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Planning Permission Exemptions 2016


Are you planning on extending your house? Maybe add an extension attaching to the back of your house for an extra bedroom? Or adding another floor? Or maybe turn your loft from a cramped, dusty storage room to a full functioning, state-of-the-art gym? Then chances are you’ll probably need to secure a planning permission.

Getting a planning permission can be a painfully irritating inconvenience. It is absolutely necessary for most house development or renovation project. Failure to obtain or comply with a planning permission is known as “planning breach”. This usually occurs when:

1. Developments requiring planning permission is carried out without a permission being granted for reasons of:

-Denied planning application
-Application was never applied for

2. A development granted with planning permission breaks the conditions and limitations stated in the planning permission

A planning breach is not illegal and oftentimes the council will permit a survey or review application where a planning permission was failed to be presented. But if the breach includes a previously rejected building development, then the council can issue an enforcement notice demanding that you undo all the changes you made.

But the good news is, not all building and renovation projects are subject to a planning permission. Some industrial extensions don’t need planning permissions but are subject to the following limits and conditions:

– New buildings within 10 meters of the curtilage boundary (the area immediately surrounding it) are to be no higher than 5 meters. In some cases, new buildings within the curtilage boundary should be no higher than the highest building inside the boundary.

– Developments must not exceed an existing industrial building or warehouse’s curtilage boundary

– Any extended, altered or new buildings must be of relevant use to the original building

– Any extended, altered or new buildings must use the materials of the same appearance to the original building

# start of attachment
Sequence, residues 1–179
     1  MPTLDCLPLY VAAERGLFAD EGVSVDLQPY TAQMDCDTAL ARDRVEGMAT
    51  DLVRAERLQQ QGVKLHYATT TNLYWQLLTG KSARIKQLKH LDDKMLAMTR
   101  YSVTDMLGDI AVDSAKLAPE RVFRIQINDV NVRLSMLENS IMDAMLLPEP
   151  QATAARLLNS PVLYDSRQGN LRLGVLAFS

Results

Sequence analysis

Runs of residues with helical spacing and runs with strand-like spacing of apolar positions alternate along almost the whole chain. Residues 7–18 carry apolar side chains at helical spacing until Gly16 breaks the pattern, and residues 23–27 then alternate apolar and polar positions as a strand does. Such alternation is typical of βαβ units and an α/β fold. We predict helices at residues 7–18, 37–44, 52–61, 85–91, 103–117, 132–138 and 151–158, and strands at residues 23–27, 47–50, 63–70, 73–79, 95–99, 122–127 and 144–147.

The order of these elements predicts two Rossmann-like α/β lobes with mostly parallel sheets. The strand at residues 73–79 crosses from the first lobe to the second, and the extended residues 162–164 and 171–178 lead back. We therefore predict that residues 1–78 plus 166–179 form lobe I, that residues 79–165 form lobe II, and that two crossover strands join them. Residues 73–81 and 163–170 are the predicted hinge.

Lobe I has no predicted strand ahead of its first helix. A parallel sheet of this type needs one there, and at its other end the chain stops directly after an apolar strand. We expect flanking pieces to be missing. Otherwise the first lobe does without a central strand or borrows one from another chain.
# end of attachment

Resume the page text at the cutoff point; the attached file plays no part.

Some additions or extensions to your house are generally viewed as permitted developments. Such exemptions for house developments are applied if the following guidelines are followed:

– If the extension is not more than half of the land area around your original house

– If extensions does not reach a higher altitude than the highest part of your roof

– Extensions not consisting of balconies, verandas or any sort of raised platform

– If the materials used are of similar appearance to the existing house

– Seven meters rear boundary for two storey extensions

– A maximum height of four meters is allowed for single-storey extensions

– Single storey extensions must not exceed beyond the original house’s rear wall by 3 meters (if attached house) or 4 meters (if detached)

– Side extensions should be single storey with a four-meter maximum height and a width of no more than half of the original house

– A loft conversion can be done without obtaining a planning permission as long as you don’t alter or extend the roof space and does not exceed some specified limits and conditions


Most types of building developments, such as mansard lofts, are generally considered as permitted developments so as long as you stick to the specific guidelines, limitations and conditions planning permission is not required. But if you want to get the best results out of your developmental projects, you will definitely need the proper planning permissions.